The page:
Just as individuals use different forms of communications—words, gestures, signals of attentiveness—organizations use various communication channels. Typically an organization utilizes four types of communications, or channels. While it may be advantageous to use all four channels to communicate a single initiative, it is often feasible to select a single channel for a particular message.
Organizational communications refers to the ways in which individuals, teams, and the entire organization communicate one to one, group to group, or organization wide. There are no hard and fast rules about what is and what is not "organizational communications," but think of it this way: It is the way messages are disseminated throughout an organization.
Organizational communications can be as simple as a single email, or as complex as a media campaign regarding transformation. No single entity has ownership of organizational communications; it belongs to everyone. Why? Because communicating with others is each person's responsibility.
Editorial communications refers to messages designed to elicit endorsement from a third party, typically the media and by extension the public at large. Public relations departments send out media releases to describe what is going on inside an organization; these releases may cover new products and services or discuss internal developments related to people and programs. By and large, these releases convey a single point of view that is favorable to the company. These forms of communications are designed to be used by external media (broadcasters, periodicals, newspapers, trade publications) to develop their stories, which the organization hopes will be both informative and positive.
Many large organizations also have in-house communication channels involving the development of articles for the organization's newsletter or web site. You can also consider a speech or a guest op-ed column by a company CEO as another form of editorial communications. In this instance, there is little filter between the leader and the public, since the leader's opinion is communicated directly, without benefit of interpretation by a reporter.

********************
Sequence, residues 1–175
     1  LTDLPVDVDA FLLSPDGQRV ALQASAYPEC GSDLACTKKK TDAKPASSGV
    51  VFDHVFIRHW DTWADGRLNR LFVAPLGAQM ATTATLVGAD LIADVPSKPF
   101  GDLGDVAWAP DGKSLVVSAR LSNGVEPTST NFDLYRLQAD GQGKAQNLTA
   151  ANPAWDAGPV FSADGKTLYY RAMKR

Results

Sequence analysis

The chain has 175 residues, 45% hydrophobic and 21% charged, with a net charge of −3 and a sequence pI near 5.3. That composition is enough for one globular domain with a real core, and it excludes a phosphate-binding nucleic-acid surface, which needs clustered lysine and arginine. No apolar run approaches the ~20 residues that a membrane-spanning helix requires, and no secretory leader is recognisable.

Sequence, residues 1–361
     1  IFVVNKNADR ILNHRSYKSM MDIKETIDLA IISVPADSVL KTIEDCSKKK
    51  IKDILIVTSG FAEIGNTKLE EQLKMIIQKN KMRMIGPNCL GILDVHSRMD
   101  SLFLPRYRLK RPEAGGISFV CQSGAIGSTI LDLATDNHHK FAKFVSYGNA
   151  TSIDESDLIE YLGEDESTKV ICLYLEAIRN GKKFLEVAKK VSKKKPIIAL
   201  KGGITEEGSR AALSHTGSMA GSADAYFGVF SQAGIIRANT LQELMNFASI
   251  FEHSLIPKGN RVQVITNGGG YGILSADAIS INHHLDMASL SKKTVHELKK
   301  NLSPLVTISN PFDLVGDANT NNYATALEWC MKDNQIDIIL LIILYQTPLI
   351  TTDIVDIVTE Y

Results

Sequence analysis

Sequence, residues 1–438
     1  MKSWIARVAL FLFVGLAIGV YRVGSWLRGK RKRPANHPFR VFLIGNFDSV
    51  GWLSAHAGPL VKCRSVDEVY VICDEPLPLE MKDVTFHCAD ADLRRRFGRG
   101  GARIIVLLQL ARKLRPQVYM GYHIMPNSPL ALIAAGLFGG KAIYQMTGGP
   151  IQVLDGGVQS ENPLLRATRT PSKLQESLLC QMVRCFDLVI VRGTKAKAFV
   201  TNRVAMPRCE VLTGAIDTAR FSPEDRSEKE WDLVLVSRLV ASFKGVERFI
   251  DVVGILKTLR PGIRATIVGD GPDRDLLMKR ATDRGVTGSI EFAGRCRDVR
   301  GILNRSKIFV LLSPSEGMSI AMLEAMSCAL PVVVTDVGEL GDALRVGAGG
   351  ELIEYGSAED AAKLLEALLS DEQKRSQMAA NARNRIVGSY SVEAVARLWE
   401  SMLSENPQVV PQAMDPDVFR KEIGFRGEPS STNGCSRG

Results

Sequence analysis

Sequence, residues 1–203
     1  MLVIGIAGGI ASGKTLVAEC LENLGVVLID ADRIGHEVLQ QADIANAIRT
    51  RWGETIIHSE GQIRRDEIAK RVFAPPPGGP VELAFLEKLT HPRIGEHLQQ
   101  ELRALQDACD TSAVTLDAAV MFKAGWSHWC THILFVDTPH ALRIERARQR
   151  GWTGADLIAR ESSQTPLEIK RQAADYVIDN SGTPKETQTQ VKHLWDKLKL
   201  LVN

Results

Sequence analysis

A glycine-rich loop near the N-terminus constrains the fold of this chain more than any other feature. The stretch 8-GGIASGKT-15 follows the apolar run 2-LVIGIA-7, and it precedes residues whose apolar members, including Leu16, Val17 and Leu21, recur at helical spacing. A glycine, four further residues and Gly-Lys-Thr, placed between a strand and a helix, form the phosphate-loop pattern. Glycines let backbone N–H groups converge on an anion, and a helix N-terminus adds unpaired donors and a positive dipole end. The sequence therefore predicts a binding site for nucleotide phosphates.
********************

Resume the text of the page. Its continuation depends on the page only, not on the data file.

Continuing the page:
Marketing communications refers to communications designed to present a point of view, e.g., to sell or promote. Think of advertising. What you see in a 30-second television spot or a four-color print ad communicates a message that is paid for by the organization. The same technique can be adopted by organizations that wish to sell the benefits of organizational transformation.
Marketing communications is especially effective for communicating a sense of urgency. You can structure the message so that you concentrate on the WIFM (what's in it for me?) as a means of persuading people that the change, the program, or the initiative is good for them as individuals and for the entire company.
Web communications are communications that reside on the web site. These messages may be developed solely as e-messages, or they may be retreads of articles, videos, and other media.
The Web itself, however, can be a very powerful tool for enabling a leader to speak directly to his or her people. There are two popular methods. One is a webcast, which is a video telecast of a presentation or a conversation that is transmitted over the Web and restricted to subscribers, e.g., employees, dealers, media, or other groups. The other is a webchat, which enables a leader to respond to questions submitted via email. Sometimes the reply is sent out audio only or as a text message. Both methods are very direct means of getting to key issues. In addition, they can be replayed at the Web user's convenience or archived on the web site for later reference.